But they were taken away. Husbands, fathers, brothers, disappeared. Ms Pollan came home from teaching evening class to find 12 state security agents invading her house, carrying away the clippings and two old typewriters. One agent stood by even as she and Héctor tried to say goodbye to each other. Two weeks later she started to bring together the women she kept meeting at the Villa Marista barracks and at various government offices, seeking news of their men. They became the Damas de Blanco, or Ladies in White.
Marching through Miramar
Ms Pollan came brand-new to campaigning. She was a mother (of Laurita), a housewife and a teacher: someone who loved literature and had taught peasants to read in the early years of the revolution. She had never done anything wilder. Short, blonde and stout, she was not cut out to be hauled into a bus by the police. All she wanted was to see Héctor back, and all the others. Her group would meet each Sunday at the church of Santa Rita in Miramar, Havana’s grandest district, say the rosary, hear mass, and then walk ten blocks in silence along Quinta Avenida on the green verges under the palm trees. The women wore white, symbolising pure intentions, and carried gladioli, a single stem each.
Yet politics crept in. At the end of every march the women would chant “Libertad!”—for Cuba as a whole, as much as for their men. They would throw out pencils with Derechos Humanos on one side and Damas en Blanco on the other, hoping that, slowly, people would pick them up. Enemies called them “mercenaries” and “Ladies in Green”, in the pay of the United States, and Ms Pollan had to admit that they did get American dollars and American parcels for their imprisoned men. Shock mobs of other women were especially bused in to attack them, beat them and pull their hair. Ms Pollan could fight back with the best: when a man called her “Puta!” once, she threw her gladioli in his face. In one battle in September she was crushed against a wall, which may have set off the breathing troubles that killed her.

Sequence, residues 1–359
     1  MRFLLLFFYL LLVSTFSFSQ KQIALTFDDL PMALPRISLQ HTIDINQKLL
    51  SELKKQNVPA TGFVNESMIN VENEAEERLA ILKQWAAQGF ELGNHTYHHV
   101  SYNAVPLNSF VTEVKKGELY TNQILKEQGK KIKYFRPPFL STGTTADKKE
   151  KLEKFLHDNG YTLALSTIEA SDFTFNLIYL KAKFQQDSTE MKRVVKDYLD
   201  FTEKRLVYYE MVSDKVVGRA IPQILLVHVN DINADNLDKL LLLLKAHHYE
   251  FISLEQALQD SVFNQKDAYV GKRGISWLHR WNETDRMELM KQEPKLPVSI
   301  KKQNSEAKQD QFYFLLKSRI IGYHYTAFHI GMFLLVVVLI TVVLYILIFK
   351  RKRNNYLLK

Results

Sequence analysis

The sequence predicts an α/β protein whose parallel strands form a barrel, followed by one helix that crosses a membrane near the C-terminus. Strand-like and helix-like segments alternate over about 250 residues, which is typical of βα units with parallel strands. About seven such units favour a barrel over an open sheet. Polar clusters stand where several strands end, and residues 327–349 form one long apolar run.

然而，民主總姍姍來遲。每年三月末，示威的婦女們總會呼喊著“自由！”——為古巴全體人民，也為她們的男人們。她們分發鉛筆，鉛筆一頭印著“白衣女士”，另一頭印著人權聯盟的標志，希望通過宣傳使民主慢慢地深入人心，能得到人們的支持。而她們的對立方稱她們為 “雇傭軍”和被美國收買的“綠色女人”（大概意指美元是綠色的）。普蘭女士不得不承認，她們為了被監禁的丈夫們的確得到了美國的美元和物資支持。被盲目驅使的其他婦女受到煽動來襲擊她們，打她們，拉扯她們的頭發。對于這些，普蘭女士可以強忍著不作還擊，但一次當一個男人罵她“母狗”時，她終于忍無可忍，把手里的劍蘭扔在他的臉上。 在9月在一次示威活動中，她被猛地撞到一堵墻上，這可能引發了她的呼吸系統障礙，最終導致了她的死因。
By then, the 75 prisoners they were campaigning for had been released; most by the intervention of the Catholic Church and the government of Spain, but around 20 by their own efforts. Héctor, gaunt and thin, came out only last February. The numbers of Ladies dwindled, to 15 or so, as their work seemed to be done. But for Ms Pollan it was not done. Her Ladies had to go on marching as long as the laws remained that could fill the prisons again. As long as Cuba was not free, she would go on sitting at her computer with her little dog stretched out on the tiles beside her, alert for the telephone, with her front door open and Santa Rita at the ready, and the ceiling fan turning slowly in the smothering air.